Creative consultant Kenrick Sandy is co-director of Boy Blue Entertainment with Michael Asante. Boy Blue Entertainment is an Associate Artist of the Barbican.

Dramaturge Gail Oakley is a freelance theatre practitioner who provides bespoke workshops for schools.

“What Are You Doing Here, Mate” is being staged in association with Haringey-based Phoenix Community Care, which works to house unaccompanied minors (children aged under 18 who arrive in the UK seeking asylum), as well as those leaving care and children requiring foster care placements. (www.phoenixcommunity.org).

kenrickroniNotes: Detention Action and Refugee Women are running current campaigns against the detention of asylum seekers in the UK. http://detentionaction.org.uk/campaigns/indefinite-detention-in-detail/takeaction and http://www.refugeewomen.co.uk/campaign/.

Doa’s story is told in this TedTalk: https://www.ted.com/talks/melissa_fleming_a_boat_carrying_500_refugees_sunk_at_sea_the_story_of_two_survivors).

“What Are You Doing Here, Mate?” matinee on February 25 at 4pm followed by a Q&A with producer, dramaturge and lead cast members; evening performance at 7.30pm. Tickets £12 from www.eventbrite.co.uk

Notes for editors: For more information or to arrange interviews, please call Sinead Kanlioglu on tel: +44 (0) 7846805644.

Photo captions: 1) Three-year-old Alan Kurdi lying lifeless on the beach. (Photo: Nilüfer Demir). 2) Dancer and choreographer Rachel Stella Layton (right) plays Syrian refugee Do in a scene highlighting the 10,000 migrant children missing in Europe. 3) Young actors from Portsmouth (left to right) Aaliyah Mathieu, Antonio Yildrim, Denzel Panou, Izzy Wakefield-Jones, Charlie Glen Rust, complain about school life in a scene from “What Are You Doing Here, Mate?” 4) Kenrick and Roni collaborative working together. From (left to right) actor/dancer Sasha Biloshisky, producer Roni Edwards and son Nameembo Edwards-Cheesman, creative consultant Kenrick Sandy, dancer/choreographer Rachel Stella Layton, and performer Sasha Shadid. 5) Adrian and Pauline Hawkes.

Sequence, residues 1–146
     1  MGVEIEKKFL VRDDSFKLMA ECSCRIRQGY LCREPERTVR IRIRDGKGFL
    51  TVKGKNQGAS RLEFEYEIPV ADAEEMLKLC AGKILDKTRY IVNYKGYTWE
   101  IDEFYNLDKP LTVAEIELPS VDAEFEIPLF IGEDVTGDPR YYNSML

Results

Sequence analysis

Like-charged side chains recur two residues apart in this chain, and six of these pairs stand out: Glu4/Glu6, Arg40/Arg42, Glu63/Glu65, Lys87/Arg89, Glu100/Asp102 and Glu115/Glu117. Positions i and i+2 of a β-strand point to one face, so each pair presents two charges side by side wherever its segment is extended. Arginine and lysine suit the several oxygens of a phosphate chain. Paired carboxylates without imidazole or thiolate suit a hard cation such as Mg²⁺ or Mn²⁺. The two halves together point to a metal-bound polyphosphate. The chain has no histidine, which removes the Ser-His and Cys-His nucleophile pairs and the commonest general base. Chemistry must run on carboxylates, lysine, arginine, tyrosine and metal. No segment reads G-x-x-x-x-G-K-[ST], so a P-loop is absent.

Adrian and Pauline HawkesAbout the writer: Adrian Hawkes is married to Pauline — Dan Wooding was best man at their wedding — and they have three children, 10 grandchildren and two great grandchildren. He is still part of the Rainbow Church north London which he used to lead and he also works with Sri Lankan churches in France, Switzerland, Norway, Canada and Sri Lanka. He helped to form Phoenix Community Care Ltd, which looks after some 30+ unaccompanied minors, and vulnerable adults in housing in North London; alongside his wife Pauline, he established PCC Foster Care agency and has launched London Training Consortium Ltd., which trains refugees and asylum seekers with ESOL, IT, and Literacy. He has also written various books, the latest of which is Perspectives — The Alphabet of Life. He can be contacted by e-mail at: adrianhawkes@phoenixcommunity.co.uk.